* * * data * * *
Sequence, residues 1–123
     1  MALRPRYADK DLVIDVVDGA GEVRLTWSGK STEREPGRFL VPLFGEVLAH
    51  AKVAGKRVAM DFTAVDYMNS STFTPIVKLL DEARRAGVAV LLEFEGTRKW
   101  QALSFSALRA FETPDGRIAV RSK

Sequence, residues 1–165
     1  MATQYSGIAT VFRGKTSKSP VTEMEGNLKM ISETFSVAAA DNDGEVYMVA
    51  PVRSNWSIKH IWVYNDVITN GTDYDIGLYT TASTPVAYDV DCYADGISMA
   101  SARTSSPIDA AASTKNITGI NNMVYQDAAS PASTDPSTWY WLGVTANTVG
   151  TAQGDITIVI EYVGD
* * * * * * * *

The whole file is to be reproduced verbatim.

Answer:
Sequence, residues 1–123
     1  MALRPRYADK DLVIDVVDGA GEVRLTWSGK STEREPGRFL VPLFGEVLAH
    51  AKVAGKRVAM DFTAVDYMNS STFTPIVKLL DEARRAGVAV LLEFEGTRKW
   101  QALSFSALRA FETPDGRIAV RSK

Sequence, residues 1–165
     1  MATQYSGIAT VFRGKTSKSP VTEMEGNLKM ISETFSVAAA DNDGEVYMVA
    51  PVRSNWSIKH IWVYNDVITN GTDYDIGLYT TASTPVAYDV DCYADGISMA
   101  SARTSSPIDA AASTKNITGI NNMVYQDAAS PASTDPSTWY WLGVTANTVG
   151  TAQGDITIVI EYVGD